The TV Academy is giving networks and studios the opportunity to cancel their upcoming Emmy FYC events should the writers strike limit the possibility of continuing such an event.
So far, how or if certain FYC events will continue is anyone’s guess. Outlets like Amazon Prime Video, Apple TV+, Disney and Netflix have opened — or are about to open — major campaign activations, and those spaces are already populated with theaters for screenings, as well as crafts displays. Those events will presumably continue, but perhaps without panels — which is an option.
The Writers Guild had not commented until Tuesday on whether Emmy FYC events would be affected by a strike. But in a new FAQ on their website, the Guild spells it out. “Can I promote my project at a film festival or at a “For Your Consideration” event about the film or show I wrote on? No. You should let the company know you are prohibited from making these promotional appearances about your work until the strike concludes.”
That has caused confusion among networks, studios and writers themselves — as some have interpreted “promotional appearances” to also mean press interviews, while others note that the media covering television is not “promotional” — it’s a free and independent press. But either way, such a stipulation would include FYC panels.
In a memo on Tuesday to networks and studios, the TV Academy shared “Partner Options During the WGA Strike,” noting that networks and studios with booked FYC events could either: Proceed with the event as originally scheduled and contracted, which means “no changes to event programming or panelists, no additional communication to members is required and no additional fees incurred.”
Another option: Proceed with event as scheduled with an adjusted panel, or without panel –
screening and reception only. In those cases, networks studios can “send an additional email communication with updated panel details for a $1,000 fee.” (The TV Academy notes that the $1000 is , reduced from the standard $2,500 additional communications fee.)
Panel details could also be updated in the Academy’s event page, without paying more for a new email. “Television Academy’s weekly newsletter reminds members to check frequently for event/panelist changes before RSVP-ing/attending. Television Academy updates standard language in confirmation emails to note possible strike impact and remind recipients to check the event page for up-to-date event details. Television Academy includes and emphasizes “subject to change” note in ALL invitations and event pages (already in place).”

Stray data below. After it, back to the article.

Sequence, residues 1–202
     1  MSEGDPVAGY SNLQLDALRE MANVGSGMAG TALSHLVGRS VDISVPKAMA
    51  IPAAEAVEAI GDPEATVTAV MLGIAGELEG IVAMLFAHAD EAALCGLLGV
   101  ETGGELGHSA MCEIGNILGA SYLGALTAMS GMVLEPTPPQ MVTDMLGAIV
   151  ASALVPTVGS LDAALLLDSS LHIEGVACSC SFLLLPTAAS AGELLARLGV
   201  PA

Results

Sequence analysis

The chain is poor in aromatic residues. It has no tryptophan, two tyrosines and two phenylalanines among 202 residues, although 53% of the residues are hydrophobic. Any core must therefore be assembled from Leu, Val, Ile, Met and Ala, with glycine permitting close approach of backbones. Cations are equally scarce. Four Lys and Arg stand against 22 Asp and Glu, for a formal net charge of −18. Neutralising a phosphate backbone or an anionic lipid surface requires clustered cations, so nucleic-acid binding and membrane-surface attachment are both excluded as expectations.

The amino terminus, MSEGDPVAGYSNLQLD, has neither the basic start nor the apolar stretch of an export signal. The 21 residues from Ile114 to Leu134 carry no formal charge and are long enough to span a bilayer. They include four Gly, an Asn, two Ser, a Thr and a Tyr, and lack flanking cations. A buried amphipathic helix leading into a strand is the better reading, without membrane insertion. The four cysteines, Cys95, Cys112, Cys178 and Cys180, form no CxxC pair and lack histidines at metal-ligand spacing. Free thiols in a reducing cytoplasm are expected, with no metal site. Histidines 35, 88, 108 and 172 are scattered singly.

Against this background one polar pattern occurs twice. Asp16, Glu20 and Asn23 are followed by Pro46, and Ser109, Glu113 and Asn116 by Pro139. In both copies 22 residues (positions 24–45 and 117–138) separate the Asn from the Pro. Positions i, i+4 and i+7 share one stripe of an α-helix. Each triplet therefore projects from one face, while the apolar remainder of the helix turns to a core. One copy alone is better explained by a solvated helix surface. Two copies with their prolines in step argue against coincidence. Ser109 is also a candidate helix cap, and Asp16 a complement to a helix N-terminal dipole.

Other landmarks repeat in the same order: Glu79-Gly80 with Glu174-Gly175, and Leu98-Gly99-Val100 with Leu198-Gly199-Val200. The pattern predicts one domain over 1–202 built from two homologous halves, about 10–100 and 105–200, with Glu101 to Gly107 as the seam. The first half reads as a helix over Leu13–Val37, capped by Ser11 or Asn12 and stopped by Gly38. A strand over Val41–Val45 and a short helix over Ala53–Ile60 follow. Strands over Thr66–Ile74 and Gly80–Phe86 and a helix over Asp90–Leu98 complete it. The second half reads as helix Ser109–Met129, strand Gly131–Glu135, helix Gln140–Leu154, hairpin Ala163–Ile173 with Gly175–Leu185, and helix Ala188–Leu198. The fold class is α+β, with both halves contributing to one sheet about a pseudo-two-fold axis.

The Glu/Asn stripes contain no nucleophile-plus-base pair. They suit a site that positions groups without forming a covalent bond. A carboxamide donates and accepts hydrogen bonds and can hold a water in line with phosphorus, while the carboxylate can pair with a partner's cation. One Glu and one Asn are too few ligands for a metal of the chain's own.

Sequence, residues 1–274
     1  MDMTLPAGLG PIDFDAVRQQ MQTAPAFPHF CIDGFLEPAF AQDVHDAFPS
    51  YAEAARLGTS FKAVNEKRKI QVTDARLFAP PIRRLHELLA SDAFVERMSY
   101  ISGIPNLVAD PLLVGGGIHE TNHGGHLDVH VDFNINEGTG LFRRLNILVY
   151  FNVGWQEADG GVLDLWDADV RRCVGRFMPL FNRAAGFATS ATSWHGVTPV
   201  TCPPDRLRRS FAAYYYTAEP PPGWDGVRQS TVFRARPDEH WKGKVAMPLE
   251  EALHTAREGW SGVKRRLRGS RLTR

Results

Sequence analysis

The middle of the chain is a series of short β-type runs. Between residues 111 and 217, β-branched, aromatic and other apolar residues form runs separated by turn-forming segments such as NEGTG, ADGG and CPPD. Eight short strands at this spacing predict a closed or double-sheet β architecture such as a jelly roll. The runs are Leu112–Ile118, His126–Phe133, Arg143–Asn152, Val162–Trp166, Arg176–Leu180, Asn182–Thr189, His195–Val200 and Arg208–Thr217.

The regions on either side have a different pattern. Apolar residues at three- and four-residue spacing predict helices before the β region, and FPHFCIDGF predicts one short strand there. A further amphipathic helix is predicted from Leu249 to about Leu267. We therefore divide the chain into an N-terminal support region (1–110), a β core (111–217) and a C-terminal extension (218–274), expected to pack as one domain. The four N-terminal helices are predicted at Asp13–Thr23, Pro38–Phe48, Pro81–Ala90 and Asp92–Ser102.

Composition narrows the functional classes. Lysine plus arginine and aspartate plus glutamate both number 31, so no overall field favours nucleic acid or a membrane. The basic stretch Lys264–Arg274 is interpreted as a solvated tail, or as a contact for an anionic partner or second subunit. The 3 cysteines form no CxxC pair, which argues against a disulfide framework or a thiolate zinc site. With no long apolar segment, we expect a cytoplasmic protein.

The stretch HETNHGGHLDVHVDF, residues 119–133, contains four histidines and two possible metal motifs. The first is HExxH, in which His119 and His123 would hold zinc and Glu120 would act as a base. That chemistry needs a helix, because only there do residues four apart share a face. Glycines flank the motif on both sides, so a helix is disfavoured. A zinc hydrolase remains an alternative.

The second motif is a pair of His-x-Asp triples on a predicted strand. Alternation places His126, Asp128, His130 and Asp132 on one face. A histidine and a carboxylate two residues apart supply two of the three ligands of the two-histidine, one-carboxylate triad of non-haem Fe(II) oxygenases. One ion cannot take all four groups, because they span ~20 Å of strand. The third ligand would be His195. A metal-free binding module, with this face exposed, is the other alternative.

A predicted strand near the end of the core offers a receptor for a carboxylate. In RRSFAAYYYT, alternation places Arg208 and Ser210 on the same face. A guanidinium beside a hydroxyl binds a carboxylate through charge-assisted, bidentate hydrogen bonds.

One final option: Cancel the event all together. In that case, fees already incurred — including invite
administration fees ($5,000) and any penalty fees ($2,500) stand and no reimbursements will be issued
Cancellation email to be sent for no additional charge/fees.
But if invitation has not been sent to members yet, all fees (administration, late fees, cancellation fees) will be waived. No additional communication is required.
According to the Academy, cancelling an event that is not yet booked (contracted) will incur no fees. The org just asks members to “release your date(s) if you do not plan to use them.”
As Variety’s Awards Circuit column mentioned on Monday. FYC panels have been taking place since early March. But with a strike, there are now a lot of unanswered questions: Would talent show up? Would that be seen as crossing a picket line?
As the WGA announced its strike on Monday night, simultaneously Apple TV+ was holding the first night of its Emmy FYC activation at Goya Studios in Hollywood. The opening evening was devoted to “Ted Lasso,” and co-creator/star Jason Sudeikis took a moment to note at how critical writing was for his show — and he commented on how surreal it was to be talking about the importance of writing and writers just as the WGA’s contract with producers was expiring. Sudeikis’ comments supporting writers earned applause from the crowd of TV Academy members; later, “Ted Lasso” star Phil Dunster (who plays Jamie Tartt) also earned claps for paying tribute to the show’s writers for “Ted Lasso’s” brilliant, in depth and nuanced” storylines. After the panel, several of the show’s stars, many of whom double as writers, noted that they had been assigned various studios to picket on Tuesday, and that they planned to be there on Tuesday afternoon.
Among upcoming events this week that may be impacted by the strike: Netflix’s “Emily in Paris” FYC event and Prime Video’s “Swarm” FYC event on Tuesday; an Adult Swim Animation Panel FYC event on Wednesday; Apple TV+’s “City on Fire” FYC event, Disney+’s “Obi-wan Kenobi” FYC event and Apple TV+’s “Bad Sisters” FYC even on Thursday; Netflix’s “Entergalactic” FYC event on Friday, which opens its space; Disney+’s “Ms. Marvel” FYC event, HBO Max’s “The Other Two” FYC event, Apple TV+’s “Echo 3” FYC event and Netflix’s “John Mulaney: Baby J” FYC event o Saturday; and Apple TV+’s “Five Days at Memorial” FYC event on Sunday.